But that all might be about to change.  

     Follow us as we follow these ancient critters - from a raunchy beach orgy to a marine blood drive to the most secluded waterslide - and learn a thing or two from them about how much we depend on nature and how much it depends on us.

    This episode was reported by Latif Nasser with help from Damiano Marchetti and Lulu Miller, and was produced by Annie McEwen and Matt Kielty with help from Liza Yeager.

    Special thanks to Arlene Shaner at the NY Academy of Medicine, Tim Wisniewski at the Alan Mason Cheney Medical Archives at Johns Hopkins University, Jennifer Walton at the library of the Marine Biological Lab, and Glenn Gauvry at the Ecological Research and Development Group.

    Support Radiolab today at Radiolab.org/donate. 

    • 1 hr 6 min
    Dispatches from 1918

    Dispatches from 1918

    It’s hard to imagine what the world will look like when COVID-19 has passed. So in this episode, we look back to the years after 1918, at the political, artistic, and viral aftermath of the flu pandemic that killed between 50 and 100 million people and left our world permanently transformed.

    This episode was reported and produced by Rachael Cusick, Tad Davis, Tracie Hunte, Matt Kielty, Latif Nasser, Sarah Qari, Pat Walters, Molly Webster, with production assistance from Tad Davis and Bethel Habte.

    Special thanks to the Radio Diaries podcast for letting us use an excerpt of their interview with Harry Mills. You can find the original episode here. For more on Egon Schiele’s life, check out the Leopold Museum’s biography, by Verena Gamper.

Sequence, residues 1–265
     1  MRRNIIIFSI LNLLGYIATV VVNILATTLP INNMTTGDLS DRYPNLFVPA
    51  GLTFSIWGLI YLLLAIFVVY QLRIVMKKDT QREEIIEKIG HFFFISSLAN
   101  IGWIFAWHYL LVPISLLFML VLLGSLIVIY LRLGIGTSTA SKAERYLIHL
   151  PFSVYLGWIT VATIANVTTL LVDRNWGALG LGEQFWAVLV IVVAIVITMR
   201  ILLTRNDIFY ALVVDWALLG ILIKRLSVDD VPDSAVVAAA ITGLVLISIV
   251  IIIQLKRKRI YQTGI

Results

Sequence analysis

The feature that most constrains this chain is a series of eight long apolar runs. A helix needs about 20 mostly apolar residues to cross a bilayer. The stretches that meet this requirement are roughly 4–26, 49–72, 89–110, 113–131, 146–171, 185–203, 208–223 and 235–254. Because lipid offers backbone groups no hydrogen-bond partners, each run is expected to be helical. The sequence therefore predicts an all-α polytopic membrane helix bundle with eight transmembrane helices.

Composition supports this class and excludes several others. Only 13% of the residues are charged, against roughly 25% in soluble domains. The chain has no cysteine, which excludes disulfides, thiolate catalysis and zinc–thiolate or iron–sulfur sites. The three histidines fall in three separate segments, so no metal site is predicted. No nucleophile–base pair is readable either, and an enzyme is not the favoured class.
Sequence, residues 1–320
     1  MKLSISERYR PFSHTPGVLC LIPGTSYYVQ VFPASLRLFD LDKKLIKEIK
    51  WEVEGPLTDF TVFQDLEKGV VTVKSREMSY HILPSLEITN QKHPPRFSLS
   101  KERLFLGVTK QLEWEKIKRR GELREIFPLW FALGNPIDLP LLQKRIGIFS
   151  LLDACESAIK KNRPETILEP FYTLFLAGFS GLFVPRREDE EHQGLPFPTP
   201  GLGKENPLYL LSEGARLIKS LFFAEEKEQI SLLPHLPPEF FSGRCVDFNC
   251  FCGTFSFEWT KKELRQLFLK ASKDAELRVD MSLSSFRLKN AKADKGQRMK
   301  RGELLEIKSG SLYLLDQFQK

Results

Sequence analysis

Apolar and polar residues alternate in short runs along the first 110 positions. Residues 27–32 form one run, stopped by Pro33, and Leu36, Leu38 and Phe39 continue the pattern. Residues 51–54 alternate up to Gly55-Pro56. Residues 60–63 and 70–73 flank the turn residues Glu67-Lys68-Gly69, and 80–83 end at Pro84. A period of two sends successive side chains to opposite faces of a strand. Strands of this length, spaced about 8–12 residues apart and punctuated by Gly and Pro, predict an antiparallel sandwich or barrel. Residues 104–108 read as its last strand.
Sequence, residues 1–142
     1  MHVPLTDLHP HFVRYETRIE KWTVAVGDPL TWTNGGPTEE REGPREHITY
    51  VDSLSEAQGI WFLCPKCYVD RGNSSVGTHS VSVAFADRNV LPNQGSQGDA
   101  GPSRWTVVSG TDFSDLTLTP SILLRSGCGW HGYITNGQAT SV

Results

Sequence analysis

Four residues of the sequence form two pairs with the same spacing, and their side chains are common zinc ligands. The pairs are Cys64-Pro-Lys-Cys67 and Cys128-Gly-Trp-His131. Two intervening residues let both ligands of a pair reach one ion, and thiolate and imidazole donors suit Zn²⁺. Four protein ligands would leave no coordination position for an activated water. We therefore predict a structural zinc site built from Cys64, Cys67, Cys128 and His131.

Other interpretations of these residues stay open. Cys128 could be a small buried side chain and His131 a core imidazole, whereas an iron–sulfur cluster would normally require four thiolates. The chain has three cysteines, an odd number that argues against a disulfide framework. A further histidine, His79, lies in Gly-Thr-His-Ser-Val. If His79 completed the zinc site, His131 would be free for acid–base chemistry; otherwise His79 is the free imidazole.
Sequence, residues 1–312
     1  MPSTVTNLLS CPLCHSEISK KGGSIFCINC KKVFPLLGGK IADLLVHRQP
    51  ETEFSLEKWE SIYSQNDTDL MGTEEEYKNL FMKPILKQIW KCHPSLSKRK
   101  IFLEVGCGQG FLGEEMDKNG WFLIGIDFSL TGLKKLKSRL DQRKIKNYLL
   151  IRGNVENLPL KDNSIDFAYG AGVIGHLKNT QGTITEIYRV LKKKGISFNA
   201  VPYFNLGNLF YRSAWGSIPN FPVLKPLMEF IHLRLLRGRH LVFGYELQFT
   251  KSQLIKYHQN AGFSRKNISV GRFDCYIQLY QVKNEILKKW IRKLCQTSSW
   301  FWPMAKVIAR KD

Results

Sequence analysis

Support Radiolab today at Radiolab.org/donate.  

    • 1 hr 10 min
    The Flag and the Fury

    The Flag and the Fury

    How do you actually make change in the world? For 126 years, Mississippi has had the Confederate battle flag on their state flag, and they were the last state in the nation where that emblem remained “officially” flying.  A few days ago, that flag came down. A few days before that, it coming down would have seemed impossible. We dive into the story behind this de-flagging: a journey involving a clash of histories, designs, families, and even cheerleading. 

    This episode was reported and produced by Shima Oliaee, with production assistance from Annie McEwen and Bethel Habte. 

    It was a collaboration between OSM Audio and Radiolab. You can check out upcoming releases from OSM at: https://www.osmaudio.com/

    To read or listen to Kiese Laymon's memoir Heavy: https://www.simonandschuster.com/books/Heavy/Kiese-Laymon/9781501125669.

    To visit the Hospitality Flag website: https://declaremississippi.com/.

    • 1 hr 13 min
    The Third. A TED Talk.

    The Third. A TED Talk.

    Jad gives a TED talk about his life as a journalist and how Radiolab has evolved over the years. Here's how TED described it:How do you end a story? Host of Radiolab Jad Abumrad tells how his search for an answer led him home to the mountains of Tennessee, where he met an unexpected teacher: Dolly Parton.Jad Nicholas Abumrad is a Lebanese-American radio host, composer and producer. He is the founder of the syndicated public radio program Radiolab, which is broadcast on over 600 radio stations nationwide and is downloaded more than 120 million times a year as a podcast. He also created More Perfect, a podcast that tells the stories behind the Supreme Court's most famous decisions. And most recently, Dolly Parton's America, a nine-episode podcast exploring the life and times of the iconic country music star. Abumrad has received three Peabody Awards and was named a MacArthur Fellow in 2011.

    • 18 min